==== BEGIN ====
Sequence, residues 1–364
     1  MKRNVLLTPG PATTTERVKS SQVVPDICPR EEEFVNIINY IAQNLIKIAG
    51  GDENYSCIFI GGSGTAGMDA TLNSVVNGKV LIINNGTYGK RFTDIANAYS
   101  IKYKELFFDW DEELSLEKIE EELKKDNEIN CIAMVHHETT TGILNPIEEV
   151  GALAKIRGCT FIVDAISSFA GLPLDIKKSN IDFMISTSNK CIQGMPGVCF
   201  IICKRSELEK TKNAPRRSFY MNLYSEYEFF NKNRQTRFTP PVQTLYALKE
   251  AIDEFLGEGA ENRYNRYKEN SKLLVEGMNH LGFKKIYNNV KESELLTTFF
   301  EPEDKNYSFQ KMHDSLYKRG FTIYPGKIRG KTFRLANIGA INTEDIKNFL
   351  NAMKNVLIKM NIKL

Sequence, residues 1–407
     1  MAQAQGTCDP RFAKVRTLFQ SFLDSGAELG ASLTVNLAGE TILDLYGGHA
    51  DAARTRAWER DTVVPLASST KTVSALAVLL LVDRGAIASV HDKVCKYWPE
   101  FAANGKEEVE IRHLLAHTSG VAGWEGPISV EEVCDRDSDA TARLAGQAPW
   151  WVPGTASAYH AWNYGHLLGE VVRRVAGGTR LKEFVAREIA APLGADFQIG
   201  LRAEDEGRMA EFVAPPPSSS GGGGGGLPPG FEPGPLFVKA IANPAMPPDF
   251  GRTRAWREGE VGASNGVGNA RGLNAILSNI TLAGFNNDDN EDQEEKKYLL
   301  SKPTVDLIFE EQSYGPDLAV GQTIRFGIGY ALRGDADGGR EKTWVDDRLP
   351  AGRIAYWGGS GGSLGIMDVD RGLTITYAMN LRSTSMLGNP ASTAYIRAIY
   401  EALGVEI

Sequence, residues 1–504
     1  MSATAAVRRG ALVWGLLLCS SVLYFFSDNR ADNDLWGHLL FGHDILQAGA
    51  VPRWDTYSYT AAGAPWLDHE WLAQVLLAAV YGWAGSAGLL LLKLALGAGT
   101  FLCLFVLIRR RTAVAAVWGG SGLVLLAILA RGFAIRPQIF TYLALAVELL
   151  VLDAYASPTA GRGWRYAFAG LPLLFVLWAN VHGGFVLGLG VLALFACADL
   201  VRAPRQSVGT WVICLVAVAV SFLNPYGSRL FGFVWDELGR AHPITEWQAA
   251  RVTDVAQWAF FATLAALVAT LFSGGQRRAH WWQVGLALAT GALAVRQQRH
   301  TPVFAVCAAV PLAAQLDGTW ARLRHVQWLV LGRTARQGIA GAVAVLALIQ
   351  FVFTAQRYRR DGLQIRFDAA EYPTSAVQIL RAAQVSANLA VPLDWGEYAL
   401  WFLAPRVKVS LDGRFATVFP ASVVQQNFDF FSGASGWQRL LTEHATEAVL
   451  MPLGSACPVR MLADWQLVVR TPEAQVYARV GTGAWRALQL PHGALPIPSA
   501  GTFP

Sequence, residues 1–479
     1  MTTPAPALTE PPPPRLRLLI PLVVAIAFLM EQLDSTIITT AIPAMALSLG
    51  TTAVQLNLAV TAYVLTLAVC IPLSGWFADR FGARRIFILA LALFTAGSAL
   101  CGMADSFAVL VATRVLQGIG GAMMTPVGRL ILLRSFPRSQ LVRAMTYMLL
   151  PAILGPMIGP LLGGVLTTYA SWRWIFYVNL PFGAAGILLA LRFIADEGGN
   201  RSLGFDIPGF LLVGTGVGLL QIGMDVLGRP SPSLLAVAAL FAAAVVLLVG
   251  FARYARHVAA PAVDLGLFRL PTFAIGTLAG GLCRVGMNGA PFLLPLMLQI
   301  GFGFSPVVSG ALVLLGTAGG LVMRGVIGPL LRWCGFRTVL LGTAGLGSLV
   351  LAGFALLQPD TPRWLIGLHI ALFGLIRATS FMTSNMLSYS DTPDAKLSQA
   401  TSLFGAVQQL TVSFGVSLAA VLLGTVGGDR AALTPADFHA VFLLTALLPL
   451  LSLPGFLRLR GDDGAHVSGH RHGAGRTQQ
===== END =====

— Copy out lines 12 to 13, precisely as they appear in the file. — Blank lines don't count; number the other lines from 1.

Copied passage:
    51  DAARTRAWER DTVVPLASST KTVSALAVLL LVDRGAIASV HDKVCKYWPE
   101  FAANGKEEVE IRHLLAHTSG VAGWEGPISV EEVCDRDSDA TARLAGQAPW